OLEKSANDR USYK needed the ‘Mercy Rule’ to end the most humiliating loss of his amateur career.
Usyk was an Olympic champion and also won bronze and gold in the Worlds while representing Ukraine in the unpaid ranks.
Since turning professional, he reigned as undisputed cruiserweight king before moving up to heavyweight where he is unbeaten in 18 fights.
But it is not like Usyk, who challenges Anthony Joshua this Saturday, has never tasted defeat.
And his most one-sided of all came in 2006 against Russian middleweight Matvey Korobov.
Korobov was so dominant the Mercy Rule – which means a boxer can be spared by the referee if he is being totally outclassed – was needed.
He told Sky Sports: “There was a knockdown, there was a stoppage.
“I think I dropped him off his feet. The referee scored a knockdown. I think that was the end of the round – the second, if I’m not wrong.
“The third round was stopped by the points, because I was many points ahead of him.”
BETTING SPECIAL – GET JOSHUA TO WIN IN ROUNDS 1-6 AT 60/1 OR ANYTIME AT 25/1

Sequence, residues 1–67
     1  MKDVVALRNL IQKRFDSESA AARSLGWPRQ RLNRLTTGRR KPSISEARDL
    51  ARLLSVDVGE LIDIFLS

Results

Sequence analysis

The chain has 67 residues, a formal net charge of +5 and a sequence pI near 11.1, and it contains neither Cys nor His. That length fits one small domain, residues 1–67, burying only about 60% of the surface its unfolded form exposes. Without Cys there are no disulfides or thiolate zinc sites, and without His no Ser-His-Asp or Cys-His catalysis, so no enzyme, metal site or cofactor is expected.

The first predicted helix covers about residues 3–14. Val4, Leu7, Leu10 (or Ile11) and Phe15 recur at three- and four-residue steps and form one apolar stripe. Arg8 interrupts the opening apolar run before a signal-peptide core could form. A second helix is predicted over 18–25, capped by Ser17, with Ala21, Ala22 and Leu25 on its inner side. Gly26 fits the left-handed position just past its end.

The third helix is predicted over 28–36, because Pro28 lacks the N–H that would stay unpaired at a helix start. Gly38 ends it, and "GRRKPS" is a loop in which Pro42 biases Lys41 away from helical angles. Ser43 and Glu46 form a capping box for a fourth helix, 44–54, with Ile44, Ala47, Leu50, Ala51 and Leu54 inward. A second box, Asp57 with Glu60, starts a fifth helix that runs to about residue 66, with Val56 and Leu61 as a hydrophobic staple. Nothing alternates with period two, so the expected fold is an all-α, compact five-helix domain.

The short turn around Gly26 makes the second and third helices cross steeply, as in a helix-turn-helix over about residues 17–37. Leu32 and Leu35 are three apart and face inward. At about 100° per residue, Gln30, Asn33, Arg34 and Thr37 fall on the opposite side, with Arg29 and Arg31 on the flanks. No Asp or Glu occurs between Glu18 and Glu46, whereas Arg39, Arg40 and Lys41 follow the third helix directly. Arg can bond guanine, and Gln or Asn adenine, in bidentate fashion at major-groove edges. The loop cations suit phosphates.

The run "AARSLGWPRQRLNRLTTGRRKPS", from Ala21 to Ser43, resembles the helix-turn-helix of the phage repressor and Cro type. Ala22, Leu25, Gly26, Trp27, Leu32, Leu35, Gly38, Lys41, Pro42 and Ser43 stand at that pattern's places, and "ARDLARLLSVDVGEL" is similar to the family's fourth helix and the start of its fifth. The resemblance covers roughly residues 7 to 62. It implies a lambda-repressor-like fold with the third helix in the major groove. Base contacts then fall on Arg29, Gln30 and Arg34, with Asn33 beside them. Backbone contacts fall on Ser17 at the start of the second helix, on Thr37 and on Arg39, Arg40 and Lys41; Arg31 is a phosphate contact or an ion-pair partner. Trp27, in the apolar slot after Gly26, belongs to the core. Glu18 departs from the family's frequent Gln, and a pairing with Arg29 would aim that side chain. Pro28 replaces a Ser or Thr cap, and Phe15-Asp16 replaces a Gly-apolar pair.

Usyk, 34, left the amateurs with a record of 335−15, losing also to welterweight Shawn Porter and undefeated Russian powerhouse Artur Beterbiev.
But as a professional his slick southpaw style has been unmatched and after moving up to heavyweight, he was immediately named WBO mandatory.
He faces Joshua, 31, for the unified crown at Tottenham’s stadium next, and Korobov insisted there is a way he can ‘easily’ upset the applecart.
He said: “Of course, he [Joshua] is taller I believe, but Usyk can take this size.
“With his speed, with his footwork, and he’s southpaw with his combinations, he can beat Joshua with that easily.
“It could be an easy fight, it could be for both. It could be a hard fight, it could be a short fight. You never know.
“That level, every punch is dangerous if it’s thrown the right way, at the right time, in the right place.”